THE BROWN DECADES is a study of the building arts in America between 1865 and 1895. It is based on the assumption that these years were the autumn period of American civilization; that they followed the brief “renaissance” summer which was ended by the Civil War. Mr. Mumford begins by asserting that the prevailing style of life in this period was not conducive to the arts. The old style of life, which was quiet, ordered, and based on a nonindustrial culture, gave way to a new one dominated by business and production. This change endowed the postwar decades with two kinds of problems. The first was the moral problem, and this is a subject that has been gone over thoroughly by the historians. The Gilded Age was an age of excess, and its central figures were those who achieved success by heroic dishonesty. They were inclined to look upon industrial expansion as purely a matter of dollars and cents; accordingly, they endowed this period with a brutal system of labor and an extraordinarily ugly series of centers of production. The second problem faced by Mr. Mumford is closely allied to the first: the new money that went into burgeoning factories and buildings and bridges had the aim principally of practicality, and the urban centers of America were created with the built-in problems which are today so evident.
These problems were of two orders, Mr. Mumford points out. First, the natural landscape, particularly in the East, was sacrificed to the interests of production. Factories and especially railroads dominated the structure of the cities and of the countryside into which they swiftly overflowed. Second, the cities themselves took on the chaotic, vertical character they continue to exhibit. They became overcrowded and unhealthful, and they forever united in America the large city with the large slum.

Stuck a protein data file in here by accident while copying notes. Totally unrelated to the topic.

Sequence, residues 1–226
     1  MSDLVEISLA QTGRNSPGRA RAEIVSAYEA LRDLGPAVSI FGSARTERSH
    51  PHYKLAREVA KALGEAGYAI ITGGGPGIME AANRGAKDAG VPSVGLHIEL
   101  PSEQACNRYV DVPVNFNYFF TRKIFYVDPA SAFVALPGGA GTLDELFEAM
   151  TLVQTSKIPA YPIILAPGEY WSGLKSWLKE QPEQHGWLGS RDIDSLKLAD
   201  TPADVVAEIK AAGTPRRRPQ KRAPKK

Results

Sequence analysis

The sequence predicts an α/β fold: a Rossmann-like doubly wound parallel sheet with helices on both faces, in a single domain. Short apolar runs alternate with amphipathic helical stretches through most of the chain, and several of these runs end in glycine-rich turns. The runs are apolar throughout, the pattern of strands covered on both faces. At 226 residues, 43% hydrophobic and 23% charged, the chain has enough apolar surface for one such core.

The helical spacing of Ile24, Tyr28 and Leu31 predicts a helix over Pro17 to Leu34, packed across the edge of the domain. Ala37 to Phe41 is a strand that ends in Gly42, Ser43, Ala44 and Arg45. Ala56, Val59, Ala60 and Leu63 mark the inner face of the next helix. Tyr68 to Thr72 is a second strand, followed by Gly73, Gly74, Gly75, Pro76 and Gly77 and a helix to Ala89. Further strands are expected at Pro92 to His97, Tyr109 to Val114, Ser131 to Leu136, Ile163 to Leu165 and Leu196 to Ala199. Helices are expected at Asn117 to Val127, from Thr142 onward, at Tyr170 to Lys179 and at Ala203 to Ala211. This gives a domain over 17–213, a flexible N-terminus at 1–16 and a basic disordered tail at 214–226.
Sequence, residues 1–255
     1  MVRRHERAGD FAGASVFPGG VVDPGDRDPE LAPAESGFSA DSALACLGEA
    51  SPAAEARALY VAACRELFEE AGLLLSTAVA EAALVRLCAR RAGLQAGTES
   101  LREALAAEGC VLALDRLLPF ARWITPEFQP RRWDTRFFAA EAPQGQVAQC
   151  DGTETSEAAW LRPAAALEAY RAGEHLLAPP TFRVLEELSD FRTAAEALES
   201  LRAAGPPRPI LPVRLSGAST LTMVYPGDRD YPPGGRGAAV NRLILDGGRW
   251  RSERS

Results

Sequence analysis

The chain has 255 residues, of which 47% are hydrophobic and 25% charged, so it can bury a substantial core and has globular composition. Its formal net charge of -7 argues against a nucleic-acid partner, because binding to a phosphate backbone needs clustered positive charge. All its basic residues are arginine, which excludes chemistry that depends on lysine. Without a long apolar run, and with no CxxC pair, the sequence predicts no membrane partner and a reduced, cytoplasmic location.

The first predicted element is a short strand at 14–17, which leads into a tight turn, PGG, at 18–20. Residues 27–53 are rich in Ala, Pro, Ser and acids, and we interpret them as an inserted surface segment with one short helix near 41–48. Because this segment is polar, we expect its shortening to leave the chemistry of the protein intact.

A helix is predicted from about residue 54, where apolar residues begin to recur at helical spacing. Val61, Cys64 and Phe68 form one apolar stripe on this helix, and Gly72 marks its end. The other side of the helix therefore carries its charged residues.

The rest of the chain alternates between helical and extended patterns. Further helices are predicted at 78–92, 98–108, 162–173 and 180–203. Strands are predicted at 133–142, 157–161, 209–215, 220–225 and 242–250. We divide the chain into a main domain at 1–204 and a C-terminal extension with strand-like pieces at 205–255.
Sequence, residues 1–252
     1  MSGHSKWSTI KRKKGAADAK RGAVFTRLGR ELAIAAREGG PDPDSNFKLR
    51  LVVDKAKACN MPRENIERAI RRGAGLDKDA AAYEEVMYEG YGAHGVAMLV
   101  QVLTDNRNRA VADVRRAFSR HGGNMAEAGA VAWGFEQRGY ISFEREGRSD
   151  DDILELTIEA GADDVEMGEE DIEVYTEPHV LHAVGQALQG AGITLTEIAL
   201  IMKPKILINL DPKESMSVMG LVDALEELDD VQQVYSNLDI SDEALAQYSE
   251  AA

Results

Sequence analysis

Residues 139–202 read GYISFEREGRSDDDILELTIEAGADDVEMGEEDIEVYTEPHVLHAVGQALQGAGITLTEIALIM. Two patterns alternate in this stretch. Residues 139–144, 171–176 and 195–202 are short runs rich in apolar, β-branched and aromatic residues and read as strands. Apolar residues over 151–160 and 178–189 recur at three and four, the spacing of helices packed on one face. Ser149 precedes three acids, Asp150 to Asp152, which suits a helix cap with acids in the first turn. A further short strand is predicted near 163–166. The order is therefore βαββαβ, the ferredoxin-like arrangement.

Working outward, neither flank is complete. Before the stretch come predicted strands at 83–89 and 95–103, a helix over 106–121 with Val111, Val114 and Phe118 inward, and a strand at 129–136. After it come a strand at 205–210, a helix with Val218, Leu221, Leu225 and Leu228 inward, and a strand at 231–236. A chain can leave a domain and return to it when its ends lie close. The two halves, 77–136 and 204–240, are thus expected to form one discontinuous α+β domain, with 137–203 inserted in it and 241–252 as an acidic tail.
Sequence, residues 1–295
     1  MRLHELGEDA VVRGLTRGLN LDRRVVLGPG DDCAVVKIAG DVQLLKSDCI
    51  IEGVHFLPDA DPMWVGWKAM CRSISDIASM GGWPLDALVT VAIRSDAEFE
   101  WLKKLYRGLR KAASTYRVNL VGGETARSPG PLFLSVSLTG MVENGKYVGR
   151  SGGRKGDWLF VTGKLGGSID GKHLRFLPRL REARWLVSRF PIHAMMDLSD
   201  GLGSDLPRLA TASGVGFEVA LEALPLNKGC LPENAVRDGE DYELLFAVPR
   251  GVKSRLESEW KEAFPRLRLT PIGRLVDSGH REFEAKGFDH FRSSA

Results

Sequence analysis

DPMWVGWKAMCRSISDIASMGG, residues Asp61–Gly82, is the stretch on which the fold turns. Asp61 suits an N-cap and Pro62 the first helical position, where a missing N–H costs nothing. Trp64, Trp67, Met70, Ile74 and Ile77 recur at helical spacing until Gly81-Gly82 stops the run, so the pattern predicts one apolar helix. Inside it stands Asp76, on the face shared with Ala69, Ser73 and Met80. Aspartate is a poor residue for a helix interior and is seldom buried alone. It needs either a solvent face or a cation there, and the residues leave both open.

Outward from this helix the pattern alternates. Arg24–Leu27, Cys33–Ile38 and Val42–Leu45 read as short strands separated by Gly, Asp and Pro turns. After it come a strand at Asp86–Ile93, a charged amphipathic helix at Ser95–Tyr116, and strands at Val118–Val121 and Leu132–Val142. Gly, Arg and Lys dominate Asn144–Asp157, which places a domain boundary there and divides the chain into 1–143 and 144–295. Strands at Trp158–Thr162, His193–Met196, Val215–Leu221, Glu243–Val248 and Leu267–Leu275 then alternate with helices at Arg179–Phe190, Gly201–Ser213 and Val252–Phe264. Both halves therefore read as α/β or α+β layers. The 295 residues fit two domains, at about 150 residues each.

The heroes of THE BROWN DECADES are our great naturalists, engineers, conservationists, and architects. It was these men, Mr. Mumford declares, who, laboring against the odds of bad taste and mass indifference, in a manner redeemed this thirty-year period. The first of these is Henry David Thoreau, who, although not directly connected with reforms in our cities, was the principal figure to direct our attention back to the beauty and values of nature. A second naturalist praised by Mumford is George Perkins Marsh, the first man in America to deal practically with the idea of human ecology. He pointed out in his MAN AND NATURE, published in 1864, that geography was by no means a study of natural formations and divisions, rather, it had to be understood as a branch of ecology, because geography was continually in the process of change as a result of human action. The moral and aesthetic influence of men such as Thoreau and Marsh, Mr. Mumford asserts, affected and in a manner created our great school of conservationists. He points out that conservationism began actually in our cities, and that Frederick Olmstead, the designer of Central Park in New York City, was just as important as wilderness figures such as Thoreau, John Muir, and John Audubon. Indeed, the creation of Central Park is one of the central episodes of THE BROWN DECADES, since it brought into the open the great conflict between those who wanted land for purposes of rental and taxation and those who conceived of...
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